Manage your cashflow

by | October 21, 2009

Build your nest egg for at least 20 years or more and enjoy a comfortable retirement.


Most of us strived hard during our working years to build our retirement nest egg. However, we must also not neglect the importance of managing our money prudently during our golden years. This is so that the funds can last us for at least 20 years or more from the time we retire. Here are a few tips on how to do that:


TIP 1: Draw up a monthly budget and stick to it

You should work out how much you can afford to spend each month. First, create a list of all your sources of income that will form your total retirement funds. This should include your CPF savings, investment holdings and personal savings.

Second, divide your total retirement funds by the number of years you want your funds to last, then divide by 12 months. This is a quick estimate of the maximum amount you can spend each month without taking interest and inflation into consideration. For a more comprehensive calculation, you can refer to the “Managing your retirement funds” worksheet on the MoneySENSE website, use the retirement calculators on the CPF website or seek professional advice.

Third, use the template below to record your current monthly expenses and see how you can cut back. Ask yourself these questions before buying anything:

  • Do I really need it?
  • What if I don’t have it?
  • Are there alternatives that may be cheaper?


My current monthly expenses

My targeted monthly expenses





  • Set aside savings for emergencies and medical care. Consider maintaining or taking up medical insurance.
  • Clear all debt quickly and avoid borrowing more money so as to minimise paying interest.
  • Reduce your utility bills by using less water and conserving electricity. For example, rinse vegetables in a washtub and re-use the water to water your plants.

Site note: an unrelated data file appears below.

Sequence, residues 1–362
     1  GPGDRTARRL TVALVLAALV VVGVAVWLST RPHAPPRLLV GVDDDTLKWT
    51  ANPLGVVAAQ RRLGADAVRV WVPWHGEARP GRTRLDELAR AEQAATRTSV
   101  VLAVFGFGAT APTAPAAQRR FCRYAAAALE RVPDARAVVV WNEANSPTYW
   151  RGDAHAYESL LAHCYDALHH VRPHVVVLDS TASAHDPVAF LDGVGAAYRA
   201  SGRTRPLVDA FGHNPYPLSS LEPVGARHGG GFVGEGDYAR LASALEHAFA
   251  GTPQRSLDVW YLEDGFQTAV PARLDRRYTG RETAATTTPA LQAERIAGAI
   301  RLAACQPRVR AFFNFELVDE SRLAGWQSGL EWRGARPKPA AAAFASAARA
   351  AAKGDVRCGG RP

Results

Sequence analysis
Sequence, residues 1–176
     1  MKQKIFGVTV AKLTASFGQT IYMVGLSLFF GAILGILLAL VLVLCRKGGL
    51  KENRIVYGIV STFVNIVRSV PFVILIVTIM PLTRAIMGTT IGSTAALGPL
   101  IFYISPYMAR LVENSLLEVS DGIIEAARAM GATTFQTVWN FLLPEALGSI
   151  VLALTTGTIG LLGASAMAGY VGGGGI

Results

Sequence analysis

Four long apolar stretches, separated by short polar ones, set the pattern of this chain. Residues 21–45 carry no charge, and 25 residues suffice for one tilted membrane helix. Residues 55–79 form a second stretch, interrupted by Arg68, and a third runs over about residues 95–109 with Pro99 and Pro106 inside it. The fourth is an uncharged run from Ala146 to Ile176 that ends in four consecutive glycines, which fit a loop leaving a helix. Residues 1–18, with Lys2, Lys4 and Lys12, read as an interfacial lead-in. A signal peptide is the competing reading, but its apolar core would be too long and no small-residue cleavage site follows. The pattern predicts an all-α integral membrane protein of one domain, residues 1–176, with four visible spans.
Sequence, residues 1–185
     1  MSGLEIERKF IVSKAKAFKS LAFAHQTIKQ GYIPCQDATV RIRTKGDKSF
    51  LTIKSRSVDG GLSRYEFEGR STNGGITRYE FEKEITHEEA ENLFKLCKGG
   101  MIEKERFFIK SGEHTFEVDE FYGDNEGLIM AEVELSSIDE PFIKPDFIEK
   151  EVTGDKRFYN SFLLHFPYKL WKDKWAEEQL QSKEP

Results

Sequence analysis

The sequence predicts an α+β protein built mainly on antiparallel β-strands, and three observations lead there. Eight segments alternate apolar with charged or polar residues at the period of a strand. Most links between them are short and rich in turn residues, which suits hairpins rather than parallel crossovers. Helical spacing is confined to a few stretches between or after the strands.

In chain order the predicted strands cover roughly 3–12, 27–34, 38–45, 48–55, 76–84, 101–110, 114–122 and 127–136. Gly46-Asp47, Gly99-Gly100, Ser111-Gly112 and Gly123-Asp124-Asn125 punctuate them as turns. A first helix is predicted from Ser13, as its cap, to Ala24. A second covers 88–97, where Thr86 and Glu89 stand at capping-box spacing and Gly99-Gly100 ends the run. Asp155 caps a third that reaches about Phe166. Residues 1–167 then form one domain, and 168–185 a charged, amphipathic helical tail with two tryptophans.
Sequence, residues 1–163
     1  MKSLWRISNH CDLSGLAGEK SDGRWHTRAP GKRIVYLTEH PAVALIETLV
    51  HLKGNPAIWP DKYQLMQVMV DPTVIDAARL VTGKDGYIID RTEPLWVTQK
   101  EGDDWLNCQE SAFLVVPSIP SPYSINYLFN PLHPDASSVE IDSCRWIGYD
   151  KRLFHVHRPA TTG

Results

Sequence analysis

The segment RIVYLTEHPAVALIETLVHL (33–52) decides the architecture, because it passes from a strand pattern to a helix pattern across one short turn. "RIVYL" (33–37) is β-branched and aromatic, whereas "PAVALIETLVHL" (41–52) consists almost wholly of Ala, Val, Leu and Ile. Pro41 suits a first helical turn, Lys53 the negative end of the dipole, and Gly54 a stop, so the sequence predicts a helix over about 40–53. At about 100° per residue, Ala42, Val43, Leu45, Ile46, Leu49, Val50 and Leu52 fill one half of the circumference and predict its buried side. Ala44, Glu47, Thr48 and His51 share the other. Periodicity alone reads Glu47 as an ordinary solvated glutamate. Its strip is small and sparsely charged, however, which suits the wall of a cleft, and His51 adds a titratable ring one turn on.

• Take advantage of concessionary or free services. For example, enjoy senior citizen discounts when you use public transport during off peak hours. Also check for senior citizen discounts when you head for recreational activities like movies, theatre and even when dining out.
  • Use your handphone only for important messages or during off-peak hours, and not for chit chatting.

Rental or home loan payments
























Ensure that your total monthly expenditure does not exceed your monthly budgeted amount.

TIP 2: Manage your CPF savings carefully

Just before you reach 55 years old, you should decide how you wish to manage your CPF savings.

Withdrawing your CPF

You have two options: 
1) You can withdraw a lump sum from your Ordinary Account (OA) and Special Account (SA) after setting aside the full Minimum Sum in your Retirement Account. You should carefully consider what you intend to do with the funds upon withdrawal. Do note that the CPF savings are for your old age needs. If you withdraw your CPF savings, make sure that you manage the money carefully so that these savings together with your non-CPF savings should see you through your retirement years.

2) Or you can do nothing and simply leave your savings in your CPF accounts to earn guaranteed risk-free interest. This is especially so if you are financially-independent or still working. It is generally advisable to postpone your withdrawal until a later date as this means you can continue to build a larger nest egg as your CPF savings continue to earn interest.


Managing your CPF Minimum Sum